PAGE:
Dieppe View All Lesson Plans Dieppe

  • Landing craft en route to Dieppe, France, during Operation Jubilee, 19 August 1942.  

Credit: Canada. Dept. of National Defence / Library and Archives Canada / PA-171080
  • An unidentified Canadian soldier, who is armed with a Thompson machine gun, escorting a German prisoner who was captured during Operation JUBILEE, the Dieppe raid. England, 19 August 1942.

Credit: Canada. Dept. of National Defence / Library and Archives Canada / PA-210156
Landing craft en route to Dieppe, France, during Operation Jubilee, 19 August 1942. Credit: Canada. Dept. of National Defence / Library and Archives Canada / PA-171080
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The Dieppe raid of 1942 was a major event in Canada’s war experience. Of the 5,000 soldiers who participated, more than 900 were killed and another 1,874 were taken prisoner. Dieppe was also the site of the largest one-day aerial battle of the war. The Memory Project: Stories of the Second World War archive has several accounts of the battle.

Note: You may want students to use headphones if they are doing these activities independently. Alternatively, simply play the brief clips from war veterans through a pair of speakers.

ACTIVITY #1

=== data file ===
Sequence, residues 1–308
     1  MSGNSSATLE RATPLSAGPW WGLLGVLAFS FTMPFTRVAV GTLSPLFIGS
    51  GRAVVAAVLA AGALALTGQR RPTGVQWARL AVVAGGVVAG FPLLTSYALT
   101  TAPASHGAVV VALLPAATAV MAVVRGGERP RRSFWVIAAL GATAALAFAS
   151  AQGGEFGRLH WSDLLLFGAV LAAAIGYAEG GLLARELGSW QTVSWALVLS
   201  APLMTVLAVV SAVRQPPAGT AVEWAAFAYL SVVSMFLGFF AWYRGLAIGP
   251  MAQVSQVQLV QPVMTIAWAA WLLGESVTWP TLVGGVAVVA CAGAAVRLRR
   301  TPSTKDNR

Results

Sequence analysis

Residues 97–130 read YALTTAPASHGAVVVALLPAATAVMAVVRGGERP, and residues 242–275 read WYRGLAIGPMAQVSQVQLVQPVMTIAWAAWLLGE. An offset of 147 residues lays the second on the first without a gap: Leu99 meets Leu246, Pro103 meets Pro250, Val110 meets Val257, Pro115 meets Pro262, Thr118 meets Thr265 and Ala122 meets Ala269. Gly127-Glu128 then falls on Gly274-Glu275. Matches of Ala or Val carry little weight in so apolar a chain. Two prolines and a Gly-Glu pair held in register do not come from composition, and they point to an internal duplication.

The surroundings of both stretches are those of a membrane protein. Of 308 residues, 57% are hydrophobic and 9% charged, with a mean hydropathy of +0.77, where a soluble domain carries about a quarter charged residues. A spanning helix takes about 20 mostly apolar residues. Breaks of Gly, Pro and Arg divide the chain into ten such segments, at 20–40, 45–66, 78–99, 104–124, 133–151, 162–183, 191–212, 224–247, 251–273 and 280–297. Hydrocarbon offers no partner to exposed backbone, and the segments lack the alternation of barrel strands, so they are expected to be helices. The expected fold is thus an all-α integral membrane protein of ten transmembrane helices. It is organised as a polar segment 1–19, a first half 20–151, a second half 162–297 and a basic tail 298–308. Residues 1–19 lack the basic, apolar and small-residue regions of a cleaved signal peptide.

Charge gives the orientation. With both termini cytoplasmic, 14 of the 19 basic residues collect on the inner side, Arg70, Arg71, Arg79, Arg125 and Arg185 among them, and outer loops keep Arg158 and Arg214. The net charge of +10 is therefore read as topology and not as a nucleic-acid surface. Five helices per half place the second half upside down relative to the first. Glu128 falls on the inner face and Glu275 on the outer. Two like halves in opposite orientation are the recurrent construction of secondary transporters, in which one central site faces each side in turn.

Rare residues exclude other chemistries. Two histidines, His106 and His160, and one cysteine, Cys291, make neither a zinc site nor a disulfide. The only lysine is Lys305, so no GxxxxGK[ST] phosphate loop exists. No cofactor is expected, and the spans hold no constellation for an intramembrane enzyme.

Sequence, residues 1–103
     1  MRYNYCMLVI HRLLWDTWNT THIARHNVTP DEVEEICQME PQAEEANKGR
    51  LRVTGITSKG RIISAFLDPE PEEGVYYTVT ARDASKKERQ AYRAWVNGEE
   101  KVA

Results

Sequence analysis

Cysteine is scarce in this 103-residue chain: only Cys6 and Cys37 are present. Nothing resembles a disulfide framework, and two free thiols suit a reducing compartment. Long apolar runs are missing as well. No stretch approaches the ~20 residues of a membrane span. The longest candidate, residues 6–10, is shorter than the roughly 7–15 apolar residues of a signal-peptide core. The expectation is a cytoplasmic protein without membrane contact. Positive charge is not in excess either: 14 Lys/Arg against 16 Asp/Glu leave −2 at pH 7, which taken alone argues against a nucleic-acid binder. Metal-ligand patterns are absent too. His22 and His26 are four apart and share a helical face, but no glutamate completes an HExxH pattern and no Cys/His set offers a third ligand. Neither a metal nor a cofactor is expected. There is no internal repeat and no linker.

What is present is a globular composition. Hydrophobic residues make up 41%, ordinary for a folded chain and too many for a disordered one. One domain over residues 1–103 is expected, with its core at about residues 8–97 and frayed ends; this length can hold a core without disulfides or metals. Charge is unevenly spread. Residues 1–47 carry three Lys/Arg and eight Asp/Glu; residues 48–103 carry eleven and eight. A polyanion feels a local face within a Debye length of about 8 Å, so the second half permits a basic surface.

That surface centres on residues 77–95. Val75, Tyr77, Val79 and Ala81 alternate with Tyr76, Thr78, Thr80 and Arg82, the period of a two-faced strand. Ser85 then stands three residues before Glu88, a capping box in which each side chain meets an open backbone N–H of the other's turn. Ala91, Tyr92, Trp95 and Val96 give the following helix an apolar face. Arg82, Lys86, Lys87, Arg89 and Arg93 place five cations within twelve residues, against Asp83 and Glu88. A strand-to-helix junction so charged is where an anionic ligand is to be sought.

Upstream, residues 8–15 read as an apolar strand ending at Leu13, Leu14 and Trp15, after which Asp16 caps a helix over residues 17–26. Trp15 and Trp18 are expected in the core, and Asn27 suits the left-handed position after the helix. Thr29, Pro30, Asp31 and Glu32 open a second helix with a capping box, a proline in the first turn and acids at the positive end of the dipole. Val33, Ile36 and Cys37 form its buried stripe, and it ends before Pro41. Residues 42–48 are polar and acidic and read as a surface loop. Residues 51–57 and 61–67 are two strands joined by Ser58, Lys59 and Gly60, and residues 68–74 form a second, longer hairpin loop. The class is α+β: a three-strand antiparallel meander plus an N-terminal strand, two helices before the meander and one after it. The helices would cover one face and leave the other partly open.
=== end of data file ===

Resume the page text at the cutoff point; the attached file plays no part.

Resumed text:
Learning Outcomes:

1.    To appreciate and discuss Canada’s role at Dieppe.
2.    To compare information taken from an oral personal story to that taken from a text source.

Listen and Learn

Students can listen to the experiences of Royal Air Force pilot Douglas Warren and soldier Arthur Fraser as they recount their experiences at Dieppe.

 

Comparing Stories

Students can use the chart below to record information about the raid on Dieppe that they learned from listening to the veterans' stories about Dieppe. They can use the other column to record information they read in their history textbook or online at the Canadian Encyclopedia.

Questions

1.    In what ways is the information similar and in what ways is it different?
2.    What is the value of each of these accounts of Dieppe?
3.    What does Arthur Fraser's account of his experiences at Dieppe and at PoW camps tell us about the nature of war and its impact on people?
4.    What do you think it would have been like to be in a PoW camp for years?
5.    In your view, was the raid on Dieppe a failure, or a success that helped in future battles? Was it worth the losses suffered by Canada?

 



1 Comments
Nov 12, 2012 Ian Clarke

My father, Freddy Clarke, was flying tactical reconnaissance over Dieppe the morning of the raid. On his second sortie ove the French coast, around 11:00 am he was shot up by a Fokke Wulfe, but managed to turn back toward the Channel where he ditched not far from a passing landing craft taking survivors off the beach. He was knocked unconscious by the Mustang's impact with the water but miraculously the aircraft's air scoop did not immediately send it sinking nose down. Someone in the landing craft swam to his aircraft and pulled him from the cockpit before it sank and they were both pulled back aboard the landing craft and taken to the destroyer HMS "Calpe". We have never uncovered the name of the soldier or sailor who saved dad, but we are sure this story must have survived in his family just as it has in ours. We would dearly love to find out who it was and want to hear from anyone with knowledge of this event that was so momentous for our family.

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